The Chris Robinson Brotherhood Anyway You Love, We Know How You Feel on LP
The Chris Robinson Brotherhood return in July 2016 with their fourth studio album, Anyway You Love, We Know How You Feel. The band relocated to northern California for the sessions, recording on the side of a mountain overlooking the foggy Pacific Ocean and channeling the natural majesty of their surroundings into the album's eight sprawling tracks. Having spent the prior two years touring relentlessly, the CRB were road-tested and in peak form to capture their kinetic chemistry and immersive sound, which Uncut Magazine called, "...a celebration of how American musical traditions can be at once honored and psychedelically expanded."
When the Chris Robinson Brotherhood entered the studio to begin recording the album, no one knew just what to expect. These would be the band's first recordings with new drummer Tony Leone (Ollabelle, Levon Helm) and their first time producing themselves. Robinson purposely left as much open-ended as possible. Rather than coming into the studio with a collection of finished songs as he had in the past, he would present the group with sketches – a verse and melody here, a chorus and chord progression there – and let the band follow its collective muse to bring the music to life. They'd lean into the improvisational nature that makes their live shows such enthralling spectacles and thrive on the unexpected.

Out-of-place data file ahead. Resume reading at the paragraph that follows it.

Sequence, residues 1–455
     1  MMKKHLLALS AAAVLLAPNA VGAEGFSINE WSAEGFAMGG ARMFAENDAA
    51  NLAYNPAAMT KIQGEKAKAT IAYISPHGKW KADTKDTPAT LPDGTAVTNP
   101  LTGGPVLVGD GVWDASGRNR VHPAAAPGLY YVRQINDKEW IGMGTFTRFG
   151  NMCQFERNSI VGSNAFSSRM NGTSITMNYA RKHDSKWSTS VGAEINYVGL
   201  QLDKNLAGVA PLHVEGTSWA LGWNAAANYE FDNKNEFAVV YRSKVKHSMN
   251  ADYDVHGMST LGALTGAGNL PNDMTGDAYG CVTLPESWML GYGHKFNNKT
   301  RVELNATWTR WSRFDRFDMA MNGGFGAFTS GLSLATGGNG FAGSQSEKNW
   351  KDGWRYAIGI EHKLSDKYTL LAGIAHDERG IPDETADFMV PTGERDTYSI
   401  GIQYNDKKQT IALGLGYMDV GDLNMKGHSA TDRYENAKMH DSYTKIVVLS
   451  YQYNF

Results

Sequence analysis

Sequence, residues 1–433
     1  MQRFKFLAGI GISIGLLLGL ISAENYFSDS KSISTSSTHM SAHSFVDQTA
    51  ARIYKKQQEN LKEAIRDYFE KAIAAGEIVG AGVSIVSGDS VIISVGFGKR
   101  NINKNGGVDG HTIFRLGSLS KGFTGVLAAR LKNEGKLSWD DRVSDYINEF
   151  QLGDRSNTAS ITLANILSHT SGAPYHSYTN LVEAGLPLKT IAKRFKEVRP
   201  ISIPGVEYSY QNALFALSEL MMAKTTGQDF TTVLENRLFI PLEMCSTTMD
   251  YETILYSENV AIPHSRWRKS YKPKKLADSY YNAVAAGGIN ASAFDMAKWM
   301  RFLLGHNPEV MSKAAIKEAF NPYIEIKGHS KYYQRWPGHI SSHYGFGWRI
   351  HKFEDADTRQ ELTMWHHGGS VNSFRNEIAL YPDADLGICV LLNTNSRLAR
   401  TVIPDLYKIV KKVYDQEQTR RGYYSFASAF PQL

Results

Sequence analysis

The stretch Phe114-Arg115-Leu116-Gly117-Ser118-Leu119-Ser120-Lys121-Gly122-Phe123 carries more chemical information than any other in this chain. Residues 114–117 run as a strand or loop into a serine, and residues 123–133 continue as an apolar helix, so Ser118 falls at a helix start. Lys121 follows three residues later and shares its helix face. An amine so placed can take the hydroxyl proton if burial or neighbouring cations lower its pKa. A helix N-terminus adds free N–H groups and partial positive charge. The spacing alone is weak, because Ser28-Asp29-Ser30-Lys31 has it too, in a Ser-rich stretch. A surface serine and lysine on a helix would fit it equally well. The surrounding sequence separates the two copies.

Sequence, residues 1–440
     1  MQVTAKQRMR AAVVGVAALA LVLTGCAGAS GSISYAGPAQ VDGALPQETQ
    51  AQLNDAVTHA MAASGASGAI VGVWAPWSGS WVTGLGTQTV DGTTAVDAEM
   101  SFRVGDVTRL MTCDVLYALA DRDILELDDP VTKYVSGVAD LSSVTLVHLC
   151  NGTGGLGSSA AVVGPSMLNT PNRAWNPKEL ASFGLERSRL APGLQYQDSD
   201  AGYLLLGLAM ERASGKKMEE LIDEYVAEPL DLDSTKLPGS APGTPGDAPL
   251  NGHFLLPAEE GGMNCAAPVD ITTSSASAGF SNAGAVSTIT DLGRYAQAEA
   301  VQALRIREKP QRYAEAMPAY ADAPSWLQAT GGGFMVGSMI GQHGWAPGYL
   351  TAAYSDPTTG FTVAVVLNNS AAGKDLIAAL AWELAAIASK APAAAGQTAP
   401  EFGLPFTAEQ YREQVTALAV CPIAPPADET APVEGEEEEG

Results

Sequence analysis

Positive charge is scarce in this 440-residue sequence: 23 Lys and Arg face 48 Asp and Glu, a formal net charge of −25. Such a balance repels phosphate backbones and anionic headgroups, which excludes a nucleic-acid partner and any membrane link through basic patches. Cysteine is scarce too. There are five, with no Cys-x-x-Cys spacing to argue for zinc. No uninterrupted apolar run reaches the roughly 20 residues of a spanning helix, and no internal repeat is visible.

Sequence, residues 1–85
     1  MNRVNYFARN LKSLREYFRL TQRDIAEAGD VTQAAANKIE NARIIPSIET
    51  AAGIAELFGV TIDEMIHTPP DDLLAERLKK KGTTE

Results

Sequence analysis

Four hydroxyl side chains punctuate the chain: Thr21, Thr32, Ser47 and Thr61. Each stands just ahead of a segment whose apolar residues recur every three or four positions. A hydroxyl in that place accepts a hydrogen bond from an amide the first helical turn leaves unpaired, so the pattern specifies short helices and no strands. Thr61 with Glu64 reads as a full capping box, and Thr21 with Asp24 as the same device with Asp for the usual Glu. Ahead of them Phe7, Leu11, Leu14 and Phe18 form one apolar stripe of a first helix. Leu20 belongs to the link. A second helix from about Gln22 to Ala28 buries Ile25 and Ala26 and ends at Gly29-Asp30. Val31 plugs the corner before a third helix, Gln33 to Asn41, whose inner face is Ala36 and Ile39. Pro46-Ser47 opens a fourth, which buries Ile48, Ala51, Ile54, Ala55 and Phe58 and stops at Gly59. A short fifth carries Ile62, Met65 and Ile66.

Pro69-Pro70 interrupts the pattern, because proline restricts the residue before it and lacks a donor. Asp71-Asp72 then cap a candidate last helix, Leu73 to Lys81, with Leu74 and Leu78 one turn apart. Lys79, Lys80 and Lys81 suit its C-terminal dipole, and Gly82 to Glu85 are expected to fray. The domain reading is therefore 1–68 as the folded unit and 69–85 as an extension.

The album kicks off with "Narcissus Soaking Wet," a psychedelic toe-tapper that marks Robinson's first co-write with keyboardist Adam MacDougall. It touches on everything from Dylan and Parliament Funkadelic to psych rock and Chicago rhythm and blues. "Ain't It Hard But Fair" calls to mind the soulful Americana of The Band, while "Oak Apple Day" is a mediation on life in the CRB, and "Forever As The Moon" came together in a stream of consciousness between The CRB's lead guitarist Neal Casal and Robinson. "Leave My Guitar Alone" was a song Robinson had been sitting on for nearly 15 years, but only once he presented it to the rest of the band did it roar to life in a way that had eluded him for more than a decade.
Some of Robinson's finest writing to date arrives in the album's final minutes, with the country-soul, gospel-tinged closer "California Hymn," which finds him singing "Glory glory hallelujah / It's time to spread the news / Though my good words may sound profane to some."